A 2015 winter research expedition in the Arctic left researchers shocked by how thin and weak the Arctic sea ice was, in addition to being stunned by how early a summer phytoplankton bloom arrived. They attributed the bloom to the warmer-than-normal Arctic waters.

A recently published study brings more bad news for Greenland. The study showed that the Greenland Ice Sheet will likely be melting much faster than previously believed, which is also bad news for sea-level increase around the world.

New research has confirmed what has been known for quite some time now: that ongoing melting of the Greenland Ice Sheet is bringing us closer to an inevitable long-term consequence of collapsing the Atlantic Ocean's circulation, which would bring catastrophic climatic shifts to Northern Europe, North America and beyond.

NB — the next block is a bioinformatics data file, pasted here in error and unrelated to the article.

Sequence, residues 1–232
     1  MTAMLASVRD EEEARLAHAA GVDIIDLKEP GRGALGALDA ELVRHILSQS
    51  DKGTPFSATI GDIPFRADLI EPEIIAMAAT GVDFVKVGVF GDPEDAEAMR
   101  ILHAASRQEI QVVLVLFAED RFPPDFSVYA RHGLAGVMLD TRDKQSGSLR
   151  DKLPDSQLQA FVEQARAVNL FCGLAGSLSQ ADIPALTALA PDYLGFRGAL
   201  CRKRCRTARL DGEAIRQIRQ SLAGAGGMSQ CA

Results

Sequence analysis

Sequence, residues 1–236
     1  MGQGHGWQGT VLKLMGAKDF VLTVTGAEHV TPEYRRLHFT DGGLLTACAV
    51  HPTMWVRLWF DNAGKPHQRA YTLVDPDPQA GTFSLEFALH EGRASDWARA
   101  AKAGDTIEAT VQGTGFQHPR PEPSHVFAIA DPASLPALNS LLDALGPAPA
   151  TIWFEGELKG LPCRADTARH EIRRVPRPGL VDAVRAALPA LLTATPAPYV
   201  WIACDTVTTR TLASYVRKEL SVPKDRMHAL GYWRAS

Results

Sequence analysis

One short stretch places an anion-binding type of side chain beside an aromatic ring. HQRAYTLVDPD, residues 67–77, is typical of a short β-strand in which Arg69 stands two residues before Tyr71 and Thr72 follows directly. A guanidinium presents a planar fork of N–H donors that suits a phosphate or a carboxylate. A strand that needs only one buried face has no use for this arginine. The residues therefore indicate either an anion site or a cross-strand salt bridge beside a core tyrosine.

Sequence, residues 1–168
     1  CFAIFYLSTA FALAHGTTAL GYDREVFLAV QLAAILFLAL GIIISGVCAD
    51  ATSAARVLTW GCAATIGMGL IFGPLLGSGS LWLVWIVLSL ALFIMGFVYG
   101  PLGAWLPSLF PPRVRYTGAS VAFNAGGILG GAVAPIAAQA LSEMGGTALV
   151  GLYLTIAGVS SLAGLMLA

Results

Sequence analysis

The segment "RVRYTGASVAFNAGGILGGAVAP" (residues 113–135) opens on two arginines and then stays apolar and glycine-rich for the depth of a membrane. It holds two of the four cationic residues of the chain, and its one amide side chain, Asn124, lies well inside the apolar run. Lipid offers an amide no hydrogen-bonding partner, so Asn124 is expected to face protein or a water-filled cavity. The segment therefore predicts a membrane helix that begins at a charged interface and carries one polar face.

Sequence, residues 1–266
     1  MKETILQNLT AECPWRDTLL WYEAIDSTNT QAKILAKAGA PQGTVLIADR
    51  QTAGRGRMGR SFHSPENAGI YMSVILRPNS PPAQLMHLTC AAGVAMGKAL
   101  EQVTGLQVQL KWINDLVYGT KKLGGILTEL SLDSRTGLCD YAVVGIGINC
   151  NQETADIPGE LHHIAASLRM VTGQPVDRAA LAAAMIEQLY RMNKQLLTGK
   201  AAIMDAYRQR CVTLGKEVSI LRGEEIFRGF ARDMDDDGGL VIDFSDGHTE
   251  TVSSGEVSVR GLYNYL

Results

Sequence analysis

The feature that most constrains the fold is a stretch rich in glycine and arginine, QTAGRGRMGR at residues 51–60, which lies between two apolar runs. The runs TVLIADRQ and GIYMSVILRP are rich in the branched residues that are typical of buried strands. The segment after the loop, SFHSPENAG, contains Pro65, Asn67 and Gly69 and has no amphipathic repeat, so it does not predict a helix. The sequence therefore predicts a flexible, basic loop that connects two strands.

Down in the Antarctic, things are no better. Recently released long-term satellite observations have revealed that dramatic ice loss is spreading rapidly up glaciers in the Antarctic, some of which are losing more than 20 feet of height per year.

ACD has been linked to massive changes taking place in the food web of the US Great Lakes region, as the base of the food chain drastically transforms. Warming water temperatures are causing an algae that forms the food chain's base to increase in number, which will have unforeseen impacts on everything else in that ecosystem.

If you live in Miami, New Orleans or New York, a recent report shows that you are in one of the top US cities already experiencing sea-level rise, which is expected to increase dramatically in the coming years.